Romania and Bulgaria have a long tradition of tit-for-tat accusations about pollution from industrial plants on the Danube, which dates back to the communist era, when both countries engaged in rapid industrialisation.

For years, Bulgaria and Romania traded especially angry words over the activity of a Romanian chemical plant in the Danube port of Turnu Magurele.

Bulgarian media and local officials in Nikopol insisted the high level of ammonia in the air was the result of activity from the Romanian plant.

Romania played down complaints, saying the Bulgarians were exaggerating the problem. They also retaliated by claiming toxic clouds from Bulgaria were drifting over the Romanian Danube port of Zimnicea.

As recently as 2000, the Romanian environment ministry claimed pollution from hydrogen sulphide from the textile mill in the Bulgarian town of Svishtov was drifting across the river and damaging Zimnicea.

But after about 15 years of verbal jousting over air and water pollution, Europe is now helping to put an end to this rancorous dispute. The solution lies not in deciding “who is right” but in the imposition of higher environmental standards on both partners.

Under pressure from Brussels, both Bulgaria and Romania have had to upgrade their environmental controls. As a result, the plant in Turnu was closed for months while its equipment was improved and when it was privatised, the new owners were obliged to comply with EU anti-pollution standards.

The same standards are now being applied to all factories on the both sides of Danube river border if they wish to remain open after the two states join the EU in 2007.


Energy is another traditional battlefield between the two countries. It still remains a source of controversies. But a cross-border dialogue has been launched on a number of cases that raises the hope of more positive developments and is an example of how bilateral relations can benefit from EU-oriented reforms.

As with pollution, tension over energy increased at the start of the 1990s. The immediate case was the EU’s demands for Bulgaria to close four of the six reactors at its Kozloduy nuclear power plant. This was stipulated as a pre-condition to launch accession talks.

The EU said the reactors were old and could not be upgraded. But the demand was a shock to Bulgaria as it gets more than 40 per cent of its energy from the plant, located on the northern border with Romania, and its output is important both to Bulgarian consumers and to the country’s exports, as it supplies power to Greece, Turkey, Albania and Macedonia.

While Bulgaria viewed the early closure of most of the reactors at Kozloduy as a blow, Romania tried to exploit the situation, to take over the regional energy market.

Bucharest promptly announced that for years Sofia had blocked Romanian plans to export electricity to the Balkans, keeping it out of the regional market by setting excessively high charges for the transit of energy across its territory.

In response, Bulgaria accused Romania of waging a smear campaign and denounced the demand for the closure of Kozloduy as part of a western conspiracy.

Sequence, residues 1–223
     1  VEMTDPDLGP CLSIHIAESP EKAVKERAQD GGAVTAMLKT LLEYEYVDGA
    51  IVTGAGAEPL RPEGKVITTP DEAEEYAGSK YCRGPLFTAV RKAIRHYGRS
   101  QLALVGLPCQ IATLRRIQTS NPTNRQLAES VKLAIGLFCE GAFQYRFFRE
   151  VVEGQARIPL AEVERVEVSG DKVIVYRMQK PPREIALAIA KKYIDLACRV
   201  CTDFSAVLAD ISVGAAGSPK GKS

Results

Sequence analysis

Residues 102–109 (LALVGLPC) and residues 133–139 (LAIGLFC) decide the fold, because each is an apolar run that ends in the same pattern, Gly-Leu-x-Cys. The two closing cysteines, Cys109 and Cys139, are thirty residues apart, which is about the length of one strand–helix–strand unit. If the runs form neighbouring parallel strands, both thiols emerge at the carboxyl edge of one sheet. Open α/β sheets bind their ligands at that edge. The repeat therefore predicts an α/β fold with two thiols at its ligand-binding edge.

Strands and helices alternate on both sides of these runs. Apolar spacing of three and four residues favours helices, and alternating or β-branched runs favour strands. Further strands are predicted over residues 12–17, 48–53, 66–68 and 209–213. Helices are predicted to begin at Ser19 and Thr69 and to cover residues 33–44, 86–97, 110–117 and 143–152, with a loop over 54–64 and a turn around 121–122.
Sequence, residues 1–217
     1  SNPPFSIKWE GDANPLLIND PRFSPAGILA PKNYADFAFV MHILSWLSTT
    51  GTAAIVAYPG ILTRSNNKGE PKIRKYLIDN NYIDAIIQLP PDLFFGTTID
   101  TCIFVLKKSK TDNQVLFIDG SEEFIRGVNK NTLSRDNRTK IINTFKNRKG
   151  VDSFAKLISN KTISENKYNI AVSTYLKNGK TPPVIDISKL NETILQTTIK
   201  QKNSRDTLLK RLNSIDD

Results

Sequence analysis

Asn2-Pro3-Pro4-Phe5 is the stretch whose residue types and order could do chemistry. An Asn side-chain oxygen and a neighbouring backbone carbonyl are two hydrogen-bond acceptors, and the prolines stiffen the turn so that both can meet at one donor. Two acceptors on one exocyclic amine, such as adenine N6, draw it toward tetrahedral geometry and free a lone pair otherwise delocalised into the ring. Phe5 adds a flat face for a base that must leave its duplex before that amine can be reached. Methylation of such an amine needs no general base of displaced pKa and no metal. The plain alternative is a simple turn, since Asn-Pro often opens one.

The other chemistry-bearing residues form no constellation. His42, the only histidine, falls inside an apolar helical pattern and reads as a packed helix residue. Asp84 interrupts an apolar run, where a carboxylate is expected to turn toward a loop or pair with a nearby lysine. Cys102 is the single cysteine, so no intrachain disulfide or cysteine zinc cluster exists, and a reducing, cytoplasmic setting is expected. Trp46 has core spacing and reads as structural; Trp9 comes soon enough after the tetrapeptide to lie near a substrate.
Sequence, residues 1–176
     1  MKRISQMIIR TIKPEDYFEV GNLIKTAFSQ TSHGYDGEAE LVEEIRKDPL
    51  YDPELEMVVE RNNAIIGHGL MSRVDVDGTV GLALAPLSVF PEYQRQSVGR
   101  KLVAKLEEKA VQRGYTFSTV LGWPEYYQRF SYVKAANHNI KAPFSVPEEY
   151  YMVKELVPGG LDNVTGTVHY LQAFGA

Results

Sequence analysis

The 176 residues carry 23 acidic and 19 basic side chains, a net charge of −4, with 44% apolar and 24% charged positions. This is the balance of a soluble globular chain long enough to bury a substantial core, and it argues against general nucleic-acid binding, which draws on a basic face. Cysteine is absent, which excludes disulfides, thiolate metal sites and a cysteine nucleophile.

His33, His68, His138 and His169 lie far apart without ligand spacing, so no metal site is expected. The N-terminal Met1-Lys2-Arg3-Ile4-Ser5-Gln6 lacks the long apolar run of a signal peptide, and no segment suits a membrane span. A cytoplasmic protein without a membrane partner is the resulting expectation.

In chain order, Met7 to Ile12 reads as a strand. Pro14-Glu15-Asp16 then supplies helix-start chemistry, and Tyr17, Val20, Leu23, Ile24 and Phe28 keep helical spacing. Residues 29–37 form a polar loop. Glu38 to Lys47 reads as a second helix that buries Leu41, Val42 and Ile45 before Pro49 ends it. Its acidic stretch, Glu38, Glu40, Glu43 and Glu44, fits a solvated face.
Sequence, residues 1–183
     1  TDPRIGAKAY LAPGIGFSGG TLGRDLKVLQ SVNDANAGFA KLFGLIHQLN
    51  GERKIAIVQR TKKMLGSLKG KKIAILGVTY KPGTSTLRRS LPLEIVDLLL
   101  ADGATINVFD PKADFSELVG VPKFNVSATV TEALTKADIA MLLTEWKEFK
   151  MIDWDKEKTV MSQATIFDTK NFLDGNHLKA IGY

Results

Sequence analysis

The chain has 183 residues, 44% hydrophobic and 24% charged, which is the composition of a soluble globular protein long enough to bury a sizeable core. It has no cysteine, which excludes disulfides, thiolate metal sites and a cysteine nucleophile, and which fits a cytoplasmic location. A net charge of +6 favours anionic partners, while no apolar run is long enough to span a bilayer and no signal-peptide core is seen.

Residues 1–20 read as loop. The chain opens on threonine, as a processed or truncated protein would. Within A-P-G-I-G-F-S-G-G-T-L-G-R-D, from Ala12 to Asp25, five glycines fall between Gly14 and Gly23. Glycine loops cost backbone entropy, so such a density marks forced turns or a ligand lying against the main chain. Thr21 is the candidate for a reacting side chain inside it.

The Bulgarian daily 24 Chasa, for example, in 1999 claimed that French and Canadian companies planned to invest in Romania's nuclear plant at Cernavoda to ensure Romania “replaces Bulgaria as a Balkan energy supplier”. Many other media echoed this speculation.

Bulgarian newspapers pointed also to Romania’s poor record on child protection and market reforms - both EU criteria for accession talks – insisting that Romania take action there before intervening in Bulgaria’s energy problems.

In the end, Bulgaria agreed to close the four old reactors at the plant. However, determined to prevent the regional energy market from falling into Romanian hands, it announced plans to build a new plant at Belene, 13 kilometres from the Romanian border.

Although most local observers doubted whether there were sound economic reasons for such an endeavour, Sofia pushed on with preparing an assessment of the enterprise's environmental impact.

Romania responded with anger. In September 2004, Romanian NGOs demonstrated against the planned Belene nuclear plant, denouncing the prospect of “another Chernobyl”.

Bucharest remains concerned about the environmental impact of the planned project and insists it must meet European standards. But as with the pollution row, the key appears to lie in harmonising standards on both sides to European requirements.

When it joins the EU in 2007, Bulgaria will not be able to continue building the new plant unless it complies with high safety standards. At the same time, Sofia will not be able to continue to block Romanian penetration of the Balkan energy market.

One sign that relations are now improving over this thorny issue came late last year, with the formation of a joint expert group to analyse Bulgaria's nuclear power plant project.

The year before, in late 2003, the two states also agreed to deregulate their energy markets, starting in mid-2004, and to allow each other’s utilities access to the other’s infrastructure. Plans were also announced to link the entire Balkan energy grid to the main EU grid (to which Romania is already connected).

Despite provisionally closing their energy negotiations, Romania and Bulgaria still have to work on the issue, according to the European Commission update report of October 2004.